Media contact for I.Family Study –Kate Viggers/Rhonda Smith +44 (0) 1264 326427/+44 (0) 7887 714957. email@example.com or firstname.lastname@example.org. Interviews available with study co-author Professor Christel Larrson, Department of Food & Nutrition, Umeå University, and Dr Garrath Williams, University of Lancaster.
Notes for Editors:
- The I.Family Study is an EC funded project under Framework 7 of the KBBE programme running from March 2012 to February 2017. It has 17 partners, working across 11 countries and with cohorts in 8 European countries – Germany, Italy, Sweden, Hungary, Cyprus, Estonia, Spain and Belgium.
- The study has two strategic objectives:
(1) Understand the interplay between barriers against and drivers towards healthy food choice;
(2) Develop and disseminate strategies to induce changes that promote healthy dietary behaviour in European consumers especially adolescents and their parents
- The I.Family Study is re-assessing the families first engaged with the Identification and Prevention of Dietary- and Lifestyle-Induced Health Effects in Children and Infants Study (IDEFICS), when children were below 10 years of age, now that they move into adolescence – the ‘tween’ years – identifying those families that have adopted a healthy approach to food and eating habits and those that have not. I. Family is adopting a holistic approach by also investigating the biological, behavioural, social and environmental factors that drive dietary behaviour as children journey towards adulthood.
4. I.Family study partners
|Participant organisation||Lead investigator(s)||Key responsibilities|
|University of Bremen, Germany||Wolfgang Ahrens||Project coordinator|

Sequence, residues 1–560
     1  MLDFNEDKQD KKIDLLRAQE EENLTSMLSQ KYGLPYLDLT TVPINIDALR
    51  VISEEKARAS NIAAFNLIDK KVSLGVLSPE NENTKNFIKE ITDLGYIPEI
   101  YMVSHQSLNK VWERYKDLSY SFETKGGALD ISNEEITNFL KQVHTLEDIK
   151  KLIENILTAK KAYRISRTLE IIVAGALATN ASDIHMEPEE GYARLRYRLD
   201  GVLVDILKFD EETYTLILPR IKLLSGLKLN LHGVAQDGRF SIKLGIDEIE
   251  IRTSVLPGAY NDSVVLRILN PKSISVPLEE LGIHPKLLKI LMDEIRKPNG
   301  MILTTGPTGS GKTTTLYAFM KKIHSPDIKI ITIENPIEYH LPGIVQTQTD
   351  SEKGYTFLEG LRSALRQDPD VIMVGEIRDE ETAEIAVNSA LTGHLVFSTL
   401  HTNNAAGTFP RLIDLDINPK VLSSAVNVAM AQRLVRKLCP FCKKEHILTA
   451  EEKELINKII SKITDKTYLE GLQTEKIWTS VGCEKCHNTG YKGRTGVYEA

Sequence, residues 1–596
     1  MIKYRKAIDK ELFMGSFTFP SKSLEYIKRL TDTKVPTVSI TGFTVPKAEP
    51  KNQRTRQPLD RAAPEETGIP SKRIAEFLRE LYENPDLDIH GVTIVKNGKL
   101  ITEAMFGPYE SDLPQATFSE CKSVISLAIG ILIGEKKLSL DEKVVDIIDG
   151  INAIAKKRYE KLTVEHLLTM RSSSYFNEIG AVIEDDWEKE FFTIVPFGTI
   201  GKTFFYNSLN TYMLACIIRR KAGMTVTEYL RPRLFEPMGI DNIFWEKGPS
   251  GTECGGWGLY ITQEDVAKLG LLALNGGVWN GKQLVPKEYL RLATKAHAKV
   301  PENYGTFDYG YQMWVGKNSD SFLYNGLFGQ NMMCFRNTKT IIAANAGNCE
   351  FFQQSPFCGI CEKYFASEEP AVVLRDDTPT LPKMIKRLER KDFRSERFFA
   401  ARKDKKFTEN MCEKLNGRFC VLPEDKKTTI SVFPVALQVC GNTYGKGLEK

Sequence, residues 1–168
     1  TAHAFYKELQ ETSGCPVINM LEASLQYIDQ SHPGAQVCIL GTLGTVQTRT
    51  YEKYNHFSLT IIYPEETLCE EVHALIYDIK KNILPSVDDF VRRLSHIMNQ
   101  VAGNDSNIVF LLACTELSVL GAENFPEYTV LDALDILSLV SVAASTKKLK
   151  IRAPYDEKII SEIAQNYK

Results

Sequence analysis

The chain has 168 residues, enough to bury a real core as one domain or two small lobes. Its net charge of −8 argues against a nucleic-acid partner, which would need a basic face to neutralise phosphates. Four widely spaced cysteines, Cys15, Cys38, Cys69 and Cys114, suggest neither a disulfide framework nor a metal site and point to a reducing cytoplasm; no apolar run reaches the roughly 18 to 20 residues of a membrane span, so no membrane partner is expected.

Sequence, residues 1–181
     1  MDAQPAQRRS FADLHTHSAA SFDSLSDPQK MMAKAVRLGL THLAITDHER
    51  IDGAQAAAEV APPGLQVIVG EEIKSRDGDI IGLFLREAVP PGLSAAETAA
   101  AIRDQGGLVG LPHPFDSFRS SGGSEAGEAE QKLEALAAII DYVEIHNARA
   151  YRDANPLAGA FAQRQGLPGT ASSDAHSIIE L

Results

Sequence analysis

|Leibniz Institute for Prevention Research and Epidemiology – BIPS||Iris Pigeot||German cohort, statistics|
|Institute of Food Sciences, National Research Council, Italy||Alfonso Siani||Italian cohort, nutritional epidemiology|
|Copenhagen Business School, Denmark||Lucia Reisch,
|Consumer behaviour & environmental influences|
|University of Lancaster, United Kingdom||Garrath Williams||Ethics, policy, and stakeholder engagement|
|Sahlgrenska Academy at the University of Gothenburg, Sweden||Staffan Mårild,
|Swedish cohort, family analysis|
|University of Helsinki, Finland||Jaakko Kaprio||Familial aggregation & genetic modelling|
|University of the Baleares Islands, Spain||Andreu Palou,
|University of Pécs, Hungary||Dénes Molnár||Hungarian cohort|
|Rudolf Magnus Institute of Neuroscience, The Netherlands||Roger Adan||Neuroimaging & neuropsychology|
|Research and Education Institute of Child Health, Cyprus||Michael Tornaritis||Cypriot cohort|
|National Institute for Health Development, Estonia||Toomas Veidebaum||Estonian cohort|
|Fondazione IRCCS Istituto Nazionale Tumori, Italy||Vittorio Krogh||Dietary assessment methods|
|University of Bristol, United Kingdom||Angie Page,
|Physical activity monitoring|
|Minerva PRC Ltd, United Kingdom||Rhonda Smith
|Dissemination and communication|
|University of Zaragoza, Spain||Luis Moreno||Spanish cohort|
|Ghent University, Belgium||Stefaan De Henauw||Belgian cohort|
This project has received funding from the European Union’s Seventh Framework Programme for research, technological development and demonstration